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GONDA

SUBJECT-BIOLOGY
TOPIC-GREENHOUSE EFFECT
AND GLOBAL WARMING
SUBMITTED TO:
SUBMITTED BY: ARIJIT
ADITYA
SINGH
KUMAR
CLASS :- 12TH pcb

Contents
 Topic
 Introduction
 Greenhouse Effect
 Greenhouse Gases
 Radiative Forcing of Climate
Change.
 Non Greenhouse Gas Radiative
Forcing
 Predictions of Future Climate
 Conclusions
 Bibliography
CERTIFICATE
This is to certify that the project on
“GREENHOUSE EFFECT AND GLOBAL
WARMING” submitted by “ADITYA KUMAR”
of class 12th SCIENCE(PCB) is a sincere work
of his intelligence and deep study of the
topic. He has been working under my
supervision during the session 2019-20.
The material involved in his report is entirely
his contribution. The results are satisfactory
and has been checked by me.
MR. AJEET SINGH
NARAYANA
PUBLIC
SCH
OOL
ACKNOWLEDGEM
ENT
I AM VERY GLAD TO HAVE THE OPPORTUNITY TO
MAKE THIS PROJECT AND EXPRESS MY
PROFOUND GRATITUDE AND DEEP REGARD TO
MY GUIDE MR. SALIL SETH FOR HIS
EXEMPLARY GUIDANCE, MONITERING AND
CONSTANT ENCOURAGEMENT THROUGHOUT
THIS PROJECT. I WOULD LIKE TO THANK THE
PEOPLE WHO HELP ME DIRECTLY OR
INDIRECTLY TO COMPLETE THE PROJECT.

I WOULD ALSO LIKE TO EXTEND MY GRATITUDE


TO MR. VINOD BHATT, PRINCIPAL NPS GONDA
FOR THEIR VALUABLE ENCOURANGEMENT
AND APPROVAL OF THE PROJECT WORK.

LASTLY, I THANK THE ALMIGHTY, MY PARENTS


FOR THEIR CONSTANT ENCOURAGEMENT.

ADITYA KUMAR
CLASS - 12TH PCB
Introductio
n
Weather and climate have a profound impact on living
organisms on the planet. Ecological systems have
evolved over geological time scales to suit the
prevailing climate. The past 10 to 20 years have
brought disturbing evidence that human activities may
cause significant changes in future global climate.
"Global Warming" is now an issue known to hundreds
of millions of people across the world.
Weather is the state of the atmosphere (temperature,
humidity, precipitation, wind, cloud cover, etc.) in a
particular location at a particular time; it fluctuates
greatly and is notoriously difficult to predict. Climate is
the time-averaged weather in a given geographical
region. Climate is a temporal and spatial average and
is consequentially much more predictable than
weather.
Climate change is not a new phenomenon in the Earth's
history. The geological record shows that when viewed
over a time scale of thousands of years the climate is in
a state of more or less continual change with major ice
ages occurring approximately every 100 000 years.

Greenhouse
Effect
The history of the
scientific understanding
of the greenhouse effect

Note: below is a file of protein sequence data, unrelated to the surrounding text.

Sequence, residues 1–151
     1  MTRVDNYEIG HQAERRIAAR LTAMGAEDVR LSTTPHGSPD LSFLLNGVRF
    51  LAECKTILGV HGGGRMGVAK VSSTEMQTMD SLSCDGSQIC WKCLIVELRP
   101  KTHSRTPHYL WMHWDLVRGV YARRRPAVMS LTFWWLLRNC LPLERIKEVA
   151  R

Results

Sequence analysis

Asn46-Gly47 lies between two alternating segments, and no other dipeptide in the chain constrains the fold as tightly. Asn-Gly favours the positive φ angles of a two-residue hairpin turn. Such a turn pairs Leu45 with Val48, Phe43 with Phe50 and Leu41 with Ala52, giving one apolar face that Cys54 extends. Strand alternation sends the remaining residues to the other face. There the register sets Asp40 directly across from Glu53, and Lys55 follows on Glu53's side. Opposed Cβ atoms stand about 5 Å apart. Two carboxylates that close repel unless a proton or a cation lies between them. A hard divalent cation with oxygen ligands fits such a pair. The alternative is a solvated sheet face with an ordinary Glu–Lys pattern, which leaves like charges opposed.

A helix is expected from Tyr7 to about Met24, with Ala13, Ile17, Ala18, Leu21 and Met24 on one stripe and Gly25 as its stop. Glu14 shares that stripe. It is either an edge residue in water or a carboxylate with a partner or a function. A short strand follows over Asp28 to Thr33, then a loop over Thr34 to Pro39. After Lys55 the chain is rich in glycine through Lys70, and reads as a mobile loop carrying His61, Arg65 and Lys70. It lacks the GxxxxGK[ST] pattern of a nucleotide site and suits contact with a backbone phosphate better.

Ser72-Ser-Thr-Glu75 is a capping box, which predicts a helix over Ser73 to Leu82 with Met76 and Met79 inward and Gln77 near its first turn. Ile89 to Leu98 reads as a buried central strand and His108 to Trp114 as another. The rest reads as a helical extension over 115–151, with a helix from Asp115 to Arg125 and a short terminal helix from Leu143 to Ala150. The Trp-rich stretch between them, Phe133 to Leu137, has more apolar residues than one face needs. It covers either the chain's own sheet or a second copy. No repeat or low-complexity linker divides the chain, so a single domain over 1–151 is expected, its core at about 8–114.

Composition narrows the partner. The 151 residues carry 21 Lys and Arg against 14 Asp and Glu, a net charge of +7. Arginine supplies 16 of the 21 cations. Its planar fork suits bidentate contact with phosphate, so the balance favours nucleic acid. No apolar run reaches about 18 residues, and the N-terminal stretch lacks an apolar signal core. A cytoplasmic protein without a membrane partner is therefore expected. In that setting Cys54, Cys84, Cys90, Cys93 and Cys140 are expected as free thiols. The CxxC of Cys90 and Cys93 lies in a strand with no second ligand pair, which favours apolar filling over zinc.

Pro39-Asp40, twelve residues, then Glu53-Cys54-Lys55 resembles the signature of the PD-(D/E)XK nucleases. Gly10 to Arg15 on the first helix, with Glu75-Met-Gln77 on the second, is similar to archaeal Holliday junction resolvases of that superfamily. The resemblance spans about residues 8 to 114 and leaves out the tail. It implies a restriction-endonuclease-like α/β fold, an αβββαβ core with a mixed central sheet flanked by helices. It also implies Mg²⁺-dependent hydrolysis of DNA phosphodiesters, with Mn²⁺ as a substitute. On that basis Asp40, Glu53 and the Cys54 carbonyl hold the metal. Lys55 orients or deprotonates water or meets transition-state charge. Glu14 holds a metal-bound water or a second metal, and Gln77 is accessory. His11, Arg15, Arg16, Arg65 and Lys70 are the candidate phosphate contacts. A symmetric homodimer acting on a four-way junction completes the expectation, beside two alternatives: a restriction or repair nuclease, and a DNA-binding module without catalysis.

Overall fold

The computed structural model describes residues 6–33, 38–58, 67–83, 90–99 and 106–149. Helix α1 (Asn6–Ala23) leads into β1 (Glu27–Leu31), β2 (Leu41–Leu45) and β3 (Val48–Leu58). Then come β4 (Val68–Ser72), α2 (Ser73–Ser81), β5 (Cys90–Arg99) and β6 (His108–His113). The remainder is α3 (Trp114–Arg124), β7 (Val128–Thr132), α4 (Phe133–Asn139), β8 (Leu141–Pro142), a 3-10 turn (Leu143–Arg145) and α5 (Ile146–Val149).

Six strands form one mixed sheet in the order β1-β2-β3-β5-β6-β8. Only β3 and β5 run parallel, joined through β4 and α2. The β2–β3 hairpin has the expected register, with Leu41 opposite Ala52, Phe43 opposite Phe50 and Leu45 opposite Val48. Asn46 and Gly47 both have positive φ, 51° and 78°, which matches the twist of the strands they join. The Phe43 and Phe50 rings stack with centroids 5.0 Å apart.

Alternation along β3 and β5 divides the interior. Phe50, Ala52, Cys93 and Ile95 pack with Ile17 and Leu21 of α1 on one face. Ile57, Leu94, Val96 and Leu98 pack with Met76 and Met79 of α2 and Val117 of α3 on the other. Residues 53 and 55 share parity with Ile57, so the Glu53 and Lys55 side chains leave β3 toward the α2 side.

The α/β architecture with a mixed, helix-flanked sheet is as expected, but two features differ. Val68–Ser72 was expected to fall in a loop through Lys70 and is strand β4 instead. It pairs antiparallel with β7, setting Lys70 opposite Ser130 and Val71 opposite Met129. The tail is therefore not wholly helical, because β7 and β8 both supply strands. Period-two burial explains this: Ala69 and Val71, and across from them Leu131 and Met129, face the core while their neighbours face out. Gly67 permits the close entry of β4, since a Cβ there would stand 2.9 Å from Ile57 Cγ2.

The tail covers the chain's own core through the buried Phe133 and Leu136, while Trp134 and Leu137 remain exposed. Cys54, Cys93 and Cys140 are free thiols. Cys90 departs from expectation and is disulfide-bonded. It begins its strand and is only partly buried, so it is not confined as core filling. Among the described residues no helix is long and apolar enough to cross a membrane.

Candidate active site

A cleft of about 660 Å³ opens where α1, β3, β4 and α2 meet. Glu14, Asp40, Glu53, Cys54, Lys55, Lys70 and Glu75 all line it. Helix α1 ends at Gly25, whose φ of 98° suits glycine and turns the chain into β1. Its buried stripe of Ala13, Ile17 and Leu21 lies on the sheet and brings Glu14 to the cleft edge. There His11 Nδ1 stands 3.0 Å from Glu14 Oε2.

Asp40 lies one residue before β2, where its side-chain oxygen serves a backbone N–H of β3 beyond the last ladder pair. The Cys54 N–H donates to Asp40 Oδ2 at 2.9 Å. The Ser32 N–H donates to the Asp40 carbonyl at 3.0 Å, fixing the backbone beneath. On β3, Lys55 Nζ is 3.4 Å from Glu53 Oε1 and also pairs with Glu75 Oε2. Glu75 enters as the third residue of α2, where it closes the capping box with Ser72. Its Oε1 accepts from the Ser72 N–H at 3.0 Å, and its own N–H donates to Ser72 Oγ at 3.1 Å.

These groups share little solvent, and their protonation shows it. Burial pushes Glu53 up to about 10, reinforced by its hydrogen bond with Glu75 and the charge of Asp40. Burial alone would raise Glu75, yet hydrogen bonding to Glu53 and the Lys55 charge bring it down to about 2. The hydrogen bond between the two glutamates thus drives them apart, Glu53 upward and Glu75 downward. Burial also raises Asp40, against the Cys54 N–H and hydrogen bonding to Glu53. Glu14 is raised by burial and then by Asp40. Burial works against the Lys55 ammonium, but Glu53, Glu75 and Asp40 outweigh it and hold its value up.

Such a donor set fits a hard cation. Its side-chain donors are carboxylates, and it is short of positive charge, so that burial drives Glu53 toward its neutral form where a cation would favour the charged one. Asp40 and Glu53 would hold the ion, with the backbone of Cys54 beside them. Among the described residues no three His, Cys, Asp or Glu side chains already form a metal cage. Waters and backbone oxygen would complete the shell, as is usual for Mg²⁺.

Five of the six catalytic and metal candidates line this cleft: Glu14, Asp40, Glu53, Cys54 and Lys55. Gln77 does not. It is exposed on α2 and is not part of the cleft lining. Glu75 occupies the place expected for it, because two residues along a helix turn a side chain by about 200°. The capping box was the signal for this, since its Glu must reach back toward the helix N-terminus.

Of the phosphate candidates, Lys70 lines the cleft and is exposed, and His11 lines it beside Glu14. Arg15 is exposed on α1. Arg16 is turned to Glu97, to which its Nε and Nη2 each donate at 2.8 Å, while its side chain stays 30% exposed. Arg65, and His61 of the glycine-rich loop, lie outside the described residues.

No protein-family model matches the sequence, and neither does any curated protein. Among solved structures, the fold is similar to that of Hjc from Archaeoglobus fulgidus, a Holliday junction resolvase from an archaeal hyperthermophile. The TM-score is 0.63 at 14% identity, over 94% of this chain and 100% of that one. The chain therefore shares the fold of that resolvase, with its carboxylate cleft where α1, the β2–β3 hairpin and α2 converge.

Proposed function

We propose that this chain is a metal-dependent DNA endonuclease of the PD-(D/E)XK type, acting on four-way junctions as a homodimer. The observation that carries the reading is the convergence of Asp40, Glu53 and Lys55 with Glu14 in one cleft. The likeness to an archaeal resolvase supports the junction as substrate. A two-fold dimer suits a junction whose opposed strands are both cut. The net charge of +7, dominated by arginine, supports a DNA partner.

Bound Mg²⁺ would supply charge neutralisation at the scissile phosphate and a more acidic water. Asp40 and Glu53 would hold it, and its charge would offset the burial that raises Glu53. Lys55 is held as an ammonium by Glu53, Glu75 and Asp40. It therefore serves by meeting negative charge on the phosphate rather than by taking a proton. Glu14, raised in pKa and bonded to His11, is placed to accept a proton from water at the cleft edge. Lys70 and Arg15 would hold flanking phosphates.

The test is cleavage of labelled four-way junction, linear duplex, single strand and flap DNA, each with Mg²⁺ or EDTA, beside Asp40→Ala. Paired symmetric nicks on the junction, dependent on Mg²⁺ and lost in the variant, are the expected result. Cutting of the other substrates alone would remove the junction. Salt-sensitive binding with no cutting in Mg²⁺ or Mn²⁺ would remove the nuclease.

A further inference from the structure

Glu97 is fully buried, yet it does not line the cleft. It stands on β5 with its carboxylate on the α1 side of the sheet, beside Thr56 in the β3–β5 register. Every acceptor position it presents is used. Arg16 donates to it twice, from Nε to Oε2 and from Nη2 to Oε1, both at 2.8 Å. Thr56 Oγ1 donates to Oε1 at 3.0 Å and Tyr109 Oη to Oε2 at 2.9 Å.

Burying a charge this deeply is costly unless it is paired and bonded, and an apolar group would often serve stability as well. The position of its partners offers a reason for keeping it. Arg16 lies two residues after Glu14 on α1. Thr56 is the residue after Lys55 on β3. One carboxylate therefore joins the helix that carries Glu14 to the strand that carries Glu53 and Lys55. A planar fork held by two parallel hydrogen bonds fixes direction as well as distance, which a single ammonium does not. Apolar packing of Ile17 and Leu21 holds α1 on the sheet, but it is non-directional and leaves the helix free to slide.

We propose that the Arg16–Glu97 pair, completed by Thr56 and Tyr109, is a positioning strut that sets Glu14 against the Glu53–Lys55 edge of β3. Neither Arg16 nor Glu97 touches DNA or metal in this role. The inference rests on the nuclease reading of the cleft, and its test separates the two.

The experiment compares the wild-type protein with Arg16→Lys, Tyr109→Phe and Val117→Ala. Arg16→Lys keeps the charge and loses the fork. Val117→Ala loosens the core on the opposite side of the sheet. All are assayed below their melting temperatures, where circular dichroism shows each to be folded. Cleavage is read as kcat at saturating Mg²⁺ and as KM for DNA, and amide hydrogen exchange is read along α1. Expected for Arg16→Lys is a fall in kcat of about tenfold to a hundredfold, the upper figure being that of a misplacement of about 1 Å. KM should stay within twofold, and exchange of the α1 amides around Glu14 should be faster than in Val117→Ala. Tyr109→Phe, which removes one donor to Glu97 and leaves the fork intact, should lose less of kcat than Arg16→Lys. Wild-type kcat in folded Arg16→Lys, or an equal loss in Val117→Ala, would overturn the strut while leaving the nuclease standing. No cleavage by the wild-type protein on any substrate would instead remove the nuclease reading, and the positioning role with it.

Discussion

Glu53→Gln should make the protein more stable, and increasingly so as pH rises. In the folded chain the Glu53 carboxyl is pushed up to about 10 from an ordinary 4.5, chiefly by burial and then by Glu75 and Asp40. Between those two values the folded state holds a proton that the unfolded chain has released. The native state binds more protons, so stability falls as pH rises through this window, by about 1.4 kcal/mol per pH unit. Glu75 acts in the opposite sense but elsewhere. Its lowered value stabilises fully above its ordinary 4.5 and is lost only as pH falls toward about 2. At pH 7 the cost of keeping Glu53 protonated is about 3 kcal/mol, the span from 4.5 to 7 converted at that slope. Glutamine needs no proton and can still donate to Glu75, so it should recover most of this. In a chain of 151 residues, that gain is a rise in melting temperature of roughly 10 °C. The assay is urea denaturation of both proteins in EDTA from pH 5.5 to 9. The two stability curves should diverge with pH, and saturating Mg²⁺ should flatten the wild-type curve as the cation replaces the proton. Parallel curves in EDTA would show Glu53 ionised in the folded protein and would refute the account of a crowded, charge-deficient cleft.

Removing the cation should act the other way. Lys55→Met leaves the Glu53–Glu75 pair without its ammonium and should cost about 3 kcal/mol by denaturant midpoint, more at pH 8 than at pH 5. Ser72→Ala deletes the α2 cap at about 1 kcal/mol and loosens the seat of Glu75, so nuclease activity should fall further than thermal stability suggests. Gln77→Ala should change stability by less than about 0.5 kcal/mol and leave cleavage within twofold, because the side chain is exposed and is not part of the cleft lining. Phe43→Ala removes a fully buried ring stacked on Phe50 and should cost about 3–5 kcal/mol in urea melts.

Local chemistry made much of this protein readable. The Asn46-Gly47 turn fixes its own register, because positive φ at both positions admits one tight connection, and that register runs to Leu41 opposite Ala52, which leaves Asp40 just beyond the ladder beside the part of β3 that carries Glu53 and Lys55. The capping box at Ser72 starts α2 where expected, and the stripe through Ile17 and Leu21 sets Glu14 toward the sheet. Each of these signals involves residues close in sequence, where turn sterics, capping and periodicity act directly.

can be traced back to
Jean Baptiste-Joseph de
Fourier in 1827. Fourier
suggested that the
atmosphere allows short
wavelength radiation
from the Sun to reach
and warm the Earth's
surface but blocks
emission of longer wavelength radiation which would
cool the Earth. Fourier compared this effect to that of
the glass in a greenhouse (hence "greenhouse effect")
and predicted that climate could be influenced by
human activities. It is now known that prevention of
the loss of warm air via convection is the main factor
by which heat is retained in a greenhouse. However,
for historical reasons, the terms "greenhouse effect"
and "greenhouse gases" are still used when describing
radiative trapping of heat in the atmosphere.
"Global warming" refers to the enhanced
greenhouse effect expected to result from an increase
in atmospheric concentration of greenhouse gases
resulting from emissions associated with human
activities.
Greenhouse
Gases
The three most powerful
long lived greenhouse gases
in the atmosphere are carbon
dioxide, methane, and
nitrous oxide. In this section
the sources, sinks, and
atmospheric concentrations
of these compounds are
considered. In addition we
will consider the class of
compounds known as
halogen organic compounds
(of which CFCs are a
subset), SF6, and ozone in the lower and upper atmosphere.
At this point it is germane to note that water vapor is the
single most powerful greenhouse gas in the atmosphere.
Water vapor has approximately twice the effect of the
second most powerful greenhouse gas—carbon dioxide.
Human activities do not have any significant direct impact
on the level of water vapor in the atmosphere. However, as
a result of global warming it is likely that human activities
will have a significant indirect impact on the level of water
vapor in the atmosphere. Water vapor is the most important
greenhouse gas and the development of a better
understanding of the effect of global warming on
atmospheric water in all its forms (solid, liquid, and gas) is
of critical importance.

However, carbon dioxide, methane, and nitrous oxide in


the atmosphere over the past 1000 years as measured in air
trapped in bubbles in ice core samples from sites in
Antarctica and Greenland and, for the more recent data,
measured directly in ambient air.

Carbon Dioxide (CO2)


Discussion of the human impact on the levels of carbon